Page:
Freenet Flex: 5 GB of data volume for ten euros a month
With Flex, the mobile communications provider Freenet offers another mobile phone tariff that is controlled exclusively via the associated app. This is similar to the concept of “Fraenk” from Deutsche Telekom. Flex users can choose between three different tariffs each month. With the low tariff of 10 euros per month, users get 5 GB of data volume in the Vodafone LTE network. Freenet’s Flex tariffs can also be used in other EU countries, have a term of one month and can be canceled up to one day before the end of the term.
Significantly more people make phone calls using Internet services
During the Corona crisis, more than two thirds of Internet users in Germany made video calls via Internet services such as Skype or WhatsApp. According to the Federal Statistical Office, that is 9 percent more than a year earlier. The proportion of those who have read the news online and those who have listened to music via Internet radio or streaming services has also risen sharply.
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Clear Channel launches in Europe: radar system for outdoor advertising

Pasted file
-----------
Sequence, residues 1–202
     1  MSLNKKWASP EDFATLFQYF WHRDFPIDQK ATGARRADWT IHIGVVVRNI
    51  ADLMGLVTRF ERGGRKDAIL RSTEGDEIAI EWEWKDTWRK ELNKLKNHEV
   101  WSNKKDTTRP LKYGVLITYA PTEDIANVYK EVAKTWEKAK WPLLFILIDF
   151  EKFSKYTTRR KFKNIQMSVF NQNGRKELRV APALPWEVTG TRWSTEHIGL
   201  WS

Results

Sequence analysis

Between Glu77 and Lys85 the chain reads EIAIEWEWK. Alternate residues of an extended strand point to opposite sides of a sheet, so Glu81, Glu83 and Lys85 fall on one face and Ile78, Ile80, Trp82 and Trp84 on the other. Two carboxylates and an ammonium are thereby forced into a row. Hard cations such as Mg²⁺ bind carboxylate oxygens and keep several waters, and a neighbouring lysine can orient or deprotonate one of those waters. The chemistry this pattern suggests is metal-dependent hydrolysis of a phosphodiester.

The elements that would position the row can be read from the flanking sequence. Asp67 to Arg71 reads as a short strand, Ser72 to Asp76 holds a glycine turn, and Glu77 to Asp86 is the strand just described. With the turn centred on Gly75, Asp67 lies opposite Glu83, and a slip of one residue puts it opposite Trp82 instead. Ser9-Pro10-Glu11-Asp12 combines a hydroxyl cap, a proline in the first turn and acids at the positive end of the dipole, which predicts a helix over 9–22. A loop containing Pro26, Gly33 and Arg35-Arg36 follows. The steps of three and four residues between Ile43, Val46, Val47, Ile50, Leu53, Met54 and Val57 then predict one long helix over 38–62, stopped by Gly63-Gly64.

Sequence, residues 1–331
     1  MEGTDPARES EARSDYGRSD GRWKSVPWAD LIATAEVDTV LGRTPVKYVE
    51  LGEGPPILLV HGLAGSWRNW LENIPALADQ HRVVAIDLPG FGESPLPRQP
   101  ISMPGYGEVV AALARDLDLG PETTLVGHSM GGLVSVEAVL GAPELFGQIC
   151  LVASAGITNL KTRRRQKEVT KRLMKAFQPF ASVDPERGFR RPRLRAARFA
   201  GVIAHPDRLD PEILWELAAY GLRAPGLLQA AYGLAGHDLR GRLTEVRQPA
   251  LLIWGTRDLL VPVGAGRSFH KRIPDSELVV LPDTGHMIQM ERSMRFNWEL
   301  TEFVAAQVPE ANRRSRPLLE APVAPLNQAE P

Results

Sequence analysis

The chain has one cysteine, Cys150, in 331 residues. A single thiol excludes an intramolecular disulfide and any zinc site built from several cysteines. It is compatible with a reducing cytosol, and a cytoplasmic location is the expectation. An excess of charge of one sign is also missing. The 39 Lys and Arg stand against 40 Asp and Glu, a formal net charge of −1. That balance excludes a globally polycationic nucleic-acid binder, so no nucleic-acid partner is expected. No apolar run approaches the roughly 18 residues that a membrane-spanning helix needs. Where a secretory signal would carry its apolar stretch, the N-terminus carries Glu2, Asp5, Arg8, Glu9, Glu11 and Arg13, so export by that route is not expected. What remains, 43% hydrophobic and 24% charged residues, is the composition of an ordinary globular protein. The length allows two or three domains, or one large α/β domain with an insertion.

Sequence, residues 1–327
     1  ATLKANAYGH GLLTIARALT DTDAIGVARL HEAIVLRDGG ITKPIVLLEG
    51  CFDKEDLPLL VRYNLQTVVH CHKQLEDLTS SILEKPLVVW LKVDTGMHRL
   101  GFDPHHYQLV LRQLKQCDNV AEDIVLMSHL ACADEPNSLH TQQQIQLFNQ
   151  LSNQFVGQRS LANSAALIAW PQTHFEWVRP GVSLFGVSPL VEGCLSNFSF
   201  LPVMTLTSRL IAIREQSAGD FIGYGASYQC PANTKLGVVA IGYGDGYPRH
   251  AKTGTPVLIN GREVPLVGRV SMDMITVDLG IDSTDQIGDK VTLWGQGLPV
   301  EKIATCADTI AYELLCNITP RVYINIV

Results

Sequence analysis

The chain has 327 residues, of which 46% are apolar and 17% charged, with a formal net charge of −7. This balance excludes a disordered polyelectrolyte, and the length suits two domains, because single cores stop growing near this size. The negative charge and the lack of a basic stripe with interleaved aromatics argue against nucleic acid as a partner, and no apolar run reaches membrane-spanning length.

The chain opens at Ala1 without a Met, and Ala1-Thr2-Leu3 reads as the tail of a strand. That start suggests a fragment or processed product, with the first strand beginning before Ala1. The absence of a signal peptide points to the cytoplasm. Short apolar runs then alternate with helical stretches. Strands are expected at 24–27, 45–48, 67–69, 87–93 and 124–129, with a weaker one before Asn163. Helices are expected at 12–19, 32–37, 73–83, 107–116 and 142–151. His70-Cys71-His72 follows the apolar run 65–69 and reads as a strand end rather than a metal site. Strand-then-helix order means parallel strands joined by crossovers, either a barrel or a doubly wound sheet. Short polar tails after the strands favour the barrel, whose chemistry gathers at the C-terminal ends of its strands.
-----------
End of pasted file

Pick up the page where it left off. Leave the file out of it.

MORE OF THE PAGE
The company Clear Channel wants to make outdoor advertising more effective. To this end, it offers advertisers a radar system based on anonymized data from smartphone users. The data used include whether someone went into a retail store and passed a certain advertisement, quoted the Financial Times Clear Channels CEO William Eccleshare. The information is used to decide what the in-house digital billboards – but also the classic print advertising – should be equipped with. Thinking walls have been in place in the USA for four years, and companies such as Coca Cola, Ikea and L’Oreal are on the customer list. According to Eccleshare, Europe has waited before using the radar system to ensure that all services comply with the General Data Protection Regulation. The radar starts in the UK and Spain in September, with Sweden to follow next.
Dwarf planet Ceres
Celestial bodies in the asteroid belt can be significantly more complex than previously thought. The salty deposits on the dwarf planet Ceres appear to have their origin in a global, salty ocean below the surface. Scientists come to this conclusion after evaluating the data from NASA’s Dawn probe. According to this, there were ice volcanic eruptions on Ceres just a million years ago, which were fed from this reservoir. The process may even continue, say the researchers.